Review: And Then There Were None - A Bit of Mass Murder the Whole Family Can Enjoy

Maybe it's a sign of the times that a play about a serial killer methodically exterminating a house full of weekend guests serves as quality family entertainment these days. The Dreamhouse Ensemble's production of Agatha Christie's And Then There Were None (appearing weekends through August 27th) brings a lighthearted rendition of this whodunit to the small Hollywood theater The Space. Judging by the number of parents and children in the audience, Christie's work has been deemed tame enough to bring the kids to. Never mind the poisonings, axes in the head, and knives in the back.

Lorrianne Hill as Vera Claythorn, Carl Johnson as General MacKenzie.

Part of the all-ages appeal might come from the absence of much actual violence occuring on stage, or maybe the story's old-fashioned charms (the telegram invitations each guest receives calling them to the mysterious island, and their homicidal host's use of a 'gramaphone' to deliver the guests' indictments) make the bloodshed oddly innocent by today's standards. Whatever it is, the Dreamhouse Ensemble's lighthearted production of Christie's classic might be innocuous enough to please even the puritanical Emily Brent.

That's not to say the Ensemble has removed much of the original's menacing and sometimes grisly content. This production of And Then There Were None is still Christie puzzle-making at its purest. Ten strangers show up at the solitary beach house on Soldier Island (the name's been updated from 'Indian Island' out of political correctness), only to find that each has been invited there for different reasons, and their host or hosts can't be found. A recording broadcast over the speakers announces that each has committed a terrible crime and will receive his or her due punishment shortly. Within minutes of the announcement one of the guests falls to the ground, poisoned by cyanide, and quickly the other guests start meeting their own poetic ends. If the title can be trusted, the audience knows where the story is heading.

Dr. Armstrong (Bill Garnett) and General MacKenzie react to accusations.

In a Christie story like this, the author's and the audience's focus remain on the carefully-timed revelations of the plot itself, not any broader theme or nuance of character. The downside of this riddle-telling is that it tends to leave the characters serving more as plot devices than full-blooded people.

The best performances in this production come from actors who seem to understand the one-dimensional nature of their characters and turn these limits into strengths. Steve London's Judge Wargrave asserts a calm influence on the rowdy ensemble from the moment he enters the stage, playing up his character's coolly authoritative personality and acting like we would expect a judge to act .

Alex Sol (the production's director who stood in for Stuart Barron), portrays police officer William Blore with a ferocious tough guy energy that borders on caricature, but his straight-talk also creates one of the most convincing performances in the show.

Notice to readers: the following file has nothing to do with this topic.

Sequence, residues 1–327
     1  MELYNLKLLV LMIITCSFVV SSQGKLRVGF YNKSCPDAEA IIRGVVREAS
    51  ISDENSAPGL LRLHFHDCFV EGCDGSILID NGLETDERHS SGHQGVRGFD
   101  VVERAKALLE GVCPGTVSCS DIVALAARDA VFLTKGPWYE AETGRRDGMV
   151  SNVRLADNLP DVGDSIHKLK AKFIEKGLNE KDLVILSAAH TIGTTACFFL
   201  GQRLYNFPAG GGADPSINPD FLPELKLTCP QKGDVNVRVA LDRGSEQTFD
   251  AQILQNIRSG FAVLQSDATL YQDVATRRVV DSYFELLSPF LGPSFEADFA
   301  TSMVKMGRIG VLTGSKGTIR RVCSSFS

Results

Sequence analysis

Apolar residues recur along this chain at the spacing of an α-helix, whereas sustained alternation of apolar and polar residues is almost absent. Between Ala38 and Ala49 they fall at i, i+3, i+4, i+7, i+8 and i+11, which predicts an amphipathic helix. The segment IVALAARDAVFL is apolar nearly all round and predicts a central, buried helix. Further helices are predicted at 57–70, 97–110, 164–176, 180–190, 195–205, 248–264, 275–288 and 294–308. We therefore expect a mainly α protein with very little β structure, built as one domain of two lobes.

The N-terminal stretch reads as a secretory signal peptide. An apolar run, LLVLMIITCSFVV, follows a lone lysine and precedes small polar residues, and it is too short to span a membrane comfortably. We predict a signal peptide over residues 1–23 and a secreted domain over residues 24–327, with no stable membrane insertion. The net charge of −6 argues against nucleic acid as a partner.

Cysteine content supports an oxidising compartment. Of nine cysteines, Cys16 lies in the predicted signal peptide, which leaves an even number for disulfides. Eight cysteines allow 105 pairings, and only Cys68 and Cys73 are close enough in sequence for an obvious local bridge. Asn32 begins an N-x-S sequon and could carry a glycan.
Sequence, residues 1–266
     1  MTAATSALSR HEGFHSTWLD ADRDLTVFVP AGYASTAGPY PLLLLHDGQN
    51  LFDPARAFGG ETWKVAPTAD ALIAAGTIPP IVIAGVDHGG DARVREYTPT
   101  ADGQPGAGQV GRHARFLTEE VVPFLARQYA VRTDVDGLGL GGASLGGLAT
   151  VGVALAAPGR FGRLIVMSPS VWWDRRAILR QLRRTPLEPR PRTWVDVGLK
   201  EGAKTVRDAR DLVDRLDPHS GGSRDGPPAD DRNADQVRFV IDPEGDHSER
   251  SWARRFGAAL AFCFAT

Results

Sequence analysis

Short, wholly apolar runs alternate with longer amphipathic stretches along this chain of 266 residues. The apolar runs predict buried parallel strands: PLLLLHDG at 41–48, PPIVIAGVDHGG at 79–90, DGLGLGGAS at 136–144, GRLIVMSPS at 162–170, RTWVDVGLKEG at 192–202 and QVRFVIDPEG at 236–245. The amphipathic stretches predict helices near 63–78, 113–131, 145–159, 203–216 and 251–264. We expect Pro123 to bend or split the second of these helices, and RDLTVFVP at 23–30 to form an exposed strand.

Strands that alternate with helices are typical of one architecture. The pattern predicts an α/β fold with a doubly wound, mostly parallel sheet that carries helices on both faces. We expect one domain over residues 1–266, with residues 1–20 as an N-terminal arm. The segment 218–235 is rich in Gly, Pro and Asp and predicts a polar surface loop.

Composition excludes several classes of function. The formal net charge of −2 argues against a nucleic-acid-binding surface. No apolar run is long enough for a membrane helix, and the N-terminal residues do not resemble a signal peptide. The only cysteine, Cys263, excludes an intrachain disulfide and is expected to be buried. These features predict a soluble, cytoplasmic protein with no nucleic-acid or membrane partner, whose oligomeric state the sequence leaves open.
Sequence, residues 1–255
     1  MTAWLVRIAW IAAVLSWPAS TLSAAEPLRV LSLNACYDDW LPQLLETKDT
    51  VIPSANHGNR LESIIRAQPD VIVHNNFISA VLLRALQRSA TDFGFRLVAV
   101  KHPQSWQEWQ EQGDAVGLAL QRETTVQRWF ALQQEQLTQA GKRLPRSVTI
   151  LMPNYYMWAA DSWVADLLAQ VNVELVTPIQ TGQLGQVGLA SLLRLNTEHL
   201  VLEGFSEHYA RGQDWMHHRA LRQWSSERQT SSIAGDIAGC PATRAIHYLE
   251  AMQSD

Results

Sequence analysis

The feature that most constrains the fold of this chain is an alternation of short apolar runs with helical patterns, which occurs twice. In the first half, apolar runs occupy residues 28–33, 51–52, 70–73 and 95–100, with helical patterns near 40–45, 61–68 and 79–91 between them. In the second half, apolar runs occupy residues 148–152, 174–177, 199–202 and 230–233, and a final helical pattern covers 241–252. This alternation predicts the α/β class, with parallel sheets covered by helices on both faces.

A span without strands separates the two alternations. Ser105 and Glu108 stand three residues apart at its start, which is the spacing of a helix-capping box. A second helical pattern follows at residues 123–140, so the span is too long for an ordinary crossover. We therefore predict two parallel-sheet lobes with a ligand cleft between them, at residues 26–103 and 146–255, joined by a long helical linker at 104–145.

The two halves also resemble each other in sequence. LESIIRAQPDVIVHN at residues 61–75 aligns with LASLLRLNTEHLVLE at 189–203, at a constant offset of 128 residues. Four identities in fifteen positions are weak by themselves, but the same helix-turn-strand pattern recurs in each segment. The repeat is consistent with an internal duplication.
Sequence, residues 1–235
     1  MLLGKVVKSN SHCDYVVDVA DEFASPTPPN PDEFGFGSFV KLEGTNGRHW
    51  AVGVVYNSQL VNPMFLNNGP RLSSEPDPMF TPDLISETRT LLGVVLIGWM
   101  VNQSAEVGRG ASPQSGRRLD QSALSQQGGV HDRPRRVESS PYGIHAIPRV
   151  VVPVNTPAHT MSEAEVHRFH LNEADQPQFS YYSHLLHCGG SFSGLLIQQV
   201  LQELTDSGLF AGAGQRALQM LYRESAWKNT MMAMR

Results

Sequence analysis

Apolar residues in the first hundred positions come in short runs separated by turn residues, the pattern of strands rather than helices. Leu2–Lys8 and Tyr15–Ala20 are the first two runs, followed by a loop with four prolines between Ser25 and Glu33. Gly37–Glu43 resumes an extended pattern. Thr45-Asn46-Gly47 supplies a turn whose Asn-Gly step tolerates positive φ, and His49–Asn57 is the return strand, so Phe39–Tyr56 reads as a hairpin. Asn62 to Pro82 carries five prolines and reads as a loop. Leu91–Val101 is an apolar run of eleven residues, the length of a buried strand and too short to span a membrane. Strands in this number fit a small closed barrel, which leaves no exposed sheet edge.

Judge Wargrave (London) confronts the reckless Anthony Marston (Cannon).

Less successful are a few of the other performers--especially Jennifer Sindell's line-garbling Mrs. Rogers and Christopher Cannon's awkwardly present-day portrayal of Anthony Marston--who mistake speaking loudly with expressing emotion.

In a similar way, though Jean-Phillipe Bianchi adds depth to his role as Phillip Lombard, playing both swashbuckling hero and sleazy womanizer simultaneously, his supposed romance with Lorianne Hill's Vera Claythorn is totally unbelievable. Their pained attempts at showing affection reveal the production's--or maybe Dame Agatha's--weakness at portraying actual human emotions.

But then again, who has time for love when there's a homicidal maniac running around and a mystery to be solved? It would have served the play to leave the love story out.

Jean-Phillipe Sassoli de Bianchi is part swashbuckler and part sleazeball as Phillip Lombard.

And Then There Were None is most successful when it avoids these dull contrivances and sticks with the macabre fun of watching the characters get methodically killed off. With each new body comes new possibilities for who the murderer could be and how he or she could have done it. Possibly it's the doctor who would have access to cyanide. Or it could be the prudish Emily Brent with her Old Testament ideas of justice. The Dreamhouse Ensemble do a solid job of keeping the plot's engine chugging along with a few squeaky gears but overall a smooth and enjoyable ride.

Even those familiar with the story might get a kick out of watching Bill Garnett's nebbish reimagining of Dr. Armstrong or at least feel more a part of the carefully-contained story (since The Space only seats three dozen or so soldier boys) than they did when reading the book.

So consider bringing the kids to Hollywood this weekend for a relaxing evening of cyanide and strangulation.

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